Where I'd start to get confounded in this narrowly pat class-distinction, is if we learned that the wife only happens to own a nail-salon because formerly she was an aerospace engineer in China. She fell afoul of party politics, just barely managed to escape. Eventually she found asylum in the US, but was unable to continue in her profession. Instead, she started a business that caters to local needs... and eventually met and married the "fireman". The "fireman", meanwhile, started out as a physics-professor. He couldn't get tenure, and lost his academic job. Bouncing around various alternatives, he realized that his knowledge of combustion and flame-propagation could be applied to something practical. After getting an administrative job in the public sector, he transitioned to the civil-engineering side, and eventually to fire-protection. One thing led to another, and now he's fire-chief.
Reply With Quote Quick reply to this message
 
Old Yesterday, 05:18 PM
 
Location: Aurora Denveralis
6,516 posts, read 2,280,598 times
Reputation: 10138
Quote:
Originally Posted by MrRational View Post
No. That's a voluntary impoverishment.
If they wanted to have more from their ability to earn at that level... they could show it.
And that's different from a couple making, say, $50k... how?

All you're doing is making a blind value judgment about their spending habits or lifestyle, which has nothing much to do with the question. If "living paycheck to paycheck" defines "working class," then it really doesn't matter what size the paycheck is.

So maybe all of that stripe of definition is... in error.
Reply With Quote Quick reply to this message
 
Old Yesterday, 05:33 PM
 
Location: Nashville, TN
5,540 posts, read 3,094,276 times
Reputation: 6972
Quote:
Originally Posted by ohio_peasant View Post

Foremost for me, "working class" means somebody who dispenses with cultural or mental life, as being something pointless and effete. "Working class" means a disinclination to write, to prize literature, poetry, philosophy. "Working class" is a narrow mercantile embrace of the so-called practical. The working-class attitude towards education, is that education is a route towards employment and business. If it doesn't lead to a marketable skill, then it's a waste.
This is a standard definition of "working class," which comes from a more sociocultural perspective, and it's certainly more often true than not -- in North America, at least; less so in Europe.

But from a purely economic standpoint, I think that if one MUST work in order to have the means to live in relative comfort, if he/she is not of the independently wealthy/leisure class, then it stands to reason that he/she is "working class."
Reply With Quote Quick reply to this message
 
Old Yesterday, 06:09 PM
 
Location: Columbia SC
8,701 posts, read 7,457,933 times
Reputation: 11759
My definition is an hourly wage person easily replaceable by another person. It is a job. Not a career nor a profession.
Reply With Quote Quick reply to this message
 
Old Yesterday, 07:06 PM
 
7,572 posts, read 4,853,822 times
Reputation: 13031
Quote:
Originally Posted by newdixiegirl View Post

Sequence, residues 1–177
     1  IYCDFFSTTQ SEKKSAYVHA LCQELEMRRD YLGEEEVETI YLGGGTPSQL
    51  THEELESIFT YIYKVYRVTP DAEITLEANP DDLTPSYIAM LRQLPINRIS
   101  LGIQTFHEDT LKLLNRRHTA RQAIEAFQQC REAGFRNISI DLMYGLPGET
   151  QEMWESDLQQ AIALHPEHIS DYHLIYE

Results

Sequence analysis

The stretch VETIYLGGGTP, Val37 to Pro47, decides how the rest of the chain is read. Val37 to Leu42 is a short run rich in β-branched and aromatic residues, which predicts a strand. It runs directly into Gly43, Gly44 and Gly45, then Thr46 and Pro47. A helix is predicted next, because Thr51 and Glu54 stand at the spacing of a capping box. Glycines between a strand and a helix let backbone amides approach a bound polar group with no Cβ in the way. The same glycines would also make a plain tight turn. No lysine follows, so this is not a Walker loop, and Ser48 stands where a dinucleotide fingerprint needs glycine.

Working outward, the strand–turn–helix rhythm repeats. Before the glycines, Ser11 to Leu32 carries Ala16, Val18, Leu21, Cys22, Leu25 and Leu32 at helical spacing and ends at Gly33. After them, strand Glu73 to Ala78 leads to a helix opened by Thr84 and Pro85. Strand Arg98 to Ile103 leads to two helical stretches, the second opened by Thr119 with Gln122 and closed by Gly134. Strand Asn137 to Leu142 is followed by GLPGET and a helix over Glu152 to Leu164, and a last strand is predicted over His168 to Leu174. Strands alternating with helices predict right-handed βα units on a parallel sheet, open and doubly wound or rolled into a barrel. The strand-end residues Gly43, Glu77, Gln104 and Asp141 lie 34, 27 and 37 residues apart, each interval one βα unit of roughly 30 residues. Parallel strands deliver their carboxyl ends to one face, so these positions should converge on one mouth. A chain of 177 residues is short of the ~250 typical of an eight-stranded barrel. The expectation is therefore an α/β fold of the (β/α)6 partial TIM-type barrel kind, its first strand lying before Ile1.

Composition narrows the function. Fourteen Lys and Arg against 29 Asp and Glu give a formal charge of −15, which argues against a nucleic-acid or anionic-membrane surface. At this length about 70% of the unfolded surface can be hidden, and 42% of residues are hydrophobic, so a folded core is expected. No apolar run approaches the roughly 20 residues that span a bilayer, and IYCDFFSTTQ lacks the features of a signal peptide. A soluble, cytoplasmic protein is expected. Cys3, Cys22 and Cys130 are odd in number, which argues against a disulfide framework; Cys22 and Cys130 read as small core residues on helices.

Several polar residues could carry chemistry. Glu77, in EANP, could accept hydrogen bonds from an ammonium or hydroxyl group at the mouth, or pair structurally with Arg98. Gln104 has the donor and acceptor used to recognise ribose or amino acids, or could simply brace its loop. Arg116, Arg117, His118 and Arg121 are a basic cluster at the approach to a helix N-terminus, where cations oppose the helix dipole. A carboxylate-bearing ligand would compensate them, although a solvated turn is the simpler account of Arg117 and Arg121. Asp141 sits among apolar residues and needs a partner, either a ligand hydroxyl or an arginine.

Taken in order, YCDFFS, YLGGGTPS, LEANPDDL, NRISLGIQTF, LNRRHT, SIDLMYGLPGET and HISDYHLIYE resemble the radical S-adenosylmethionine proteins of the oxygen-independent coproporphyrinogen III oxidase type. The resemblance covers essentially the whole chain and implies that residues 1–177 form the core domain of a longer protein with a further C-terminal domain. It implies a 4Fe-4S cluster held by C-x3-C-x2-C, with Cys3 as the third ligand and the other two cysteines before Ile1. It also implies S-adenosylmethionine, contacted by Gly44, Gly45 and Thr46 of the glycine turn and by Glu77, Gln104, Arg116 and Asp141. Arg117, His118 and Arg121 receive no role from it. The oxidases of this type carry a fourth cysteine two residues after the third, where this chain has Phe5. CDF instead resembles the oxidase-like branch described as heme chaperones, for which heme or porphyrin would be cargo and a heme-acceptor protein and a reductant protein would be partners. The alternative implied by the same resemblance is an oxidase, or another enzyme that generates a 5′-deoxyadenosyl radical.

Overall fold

This is a standard definition of "working class," which comes from a more sociocultural perspective, and it's certainly more often true than not -- in North America, at least; less so in Europe.

But from a purely economic standpoint, I think that if one MUST work in order to have the means to live in relative comfort, if he/she is not of the independently wealthy/leisure class, then it stands to reason that he/she is "working class."
By my reckoning the term is entirely "socio-cultural". Consider for example a medical-doctor, who gets nabbed in a scheme for writing opiate-prescriptions to "patients" who don't have a legitimate medical need. That can be a serious criminal offence, leading to loss of medical-license, stiff fines, a criminal record, and possible jail-time. The medical-doctor has descended considerably, in terms of earning-power or vocation. Yet he/she doesn't stop reading medical journals. Or enjoying classical music. Or being a good chess-player. He/she doesn't forget how to speak the foreign languages that he/she learned decades ago... and so forth. Socio-cultural class is invariant to the vicissitude of material life.

For a specific example, consider the main protagonist of Milan Kundera's "The Unbearable Lightness of Being". Tomas, originally an esteemed surgeon, has a tussle with the ruling regime, in post-1968 Czechoslovakia. He can no longer practice medicine. He becomes, of all things, a window-washer. He's lost wealth, job-security, social-standing. Is he now "working class"?
Reply With Quote Quick reply to this message
Please register to post and access all features of our very popular forum. It is free and quick. Over $68,000 in prizes has already been given out to active posters on our forum. Additional giveaways are planned.

Detailed information about all U.S. cities, counties, and zip codes on our site: City-data.com.


Reply

Quick Reply
Message:

Over $104,000 in prizes was already given out to active posters on our forum and additional giveaways are planned!

Go Back   City-Data Forum > General Forums > Economics
Follow City-Data.com founder on our Forum or

All times are GMT -6.

2005-2019, Advameg, Inc. | Please obey Forum Rules | Terms of Use and Privacy Policy

City-Data.com - Archive 1, 2, 3, 4, 5, 6, 7, 8, 9, 10, 11, 12, 13, 14, 15, 16, 17, 18, 19, 20, 21, 22, 23, 24, 25, 26, 27, 28, 29, 30, 31, 32, 33, 34, 35 - Top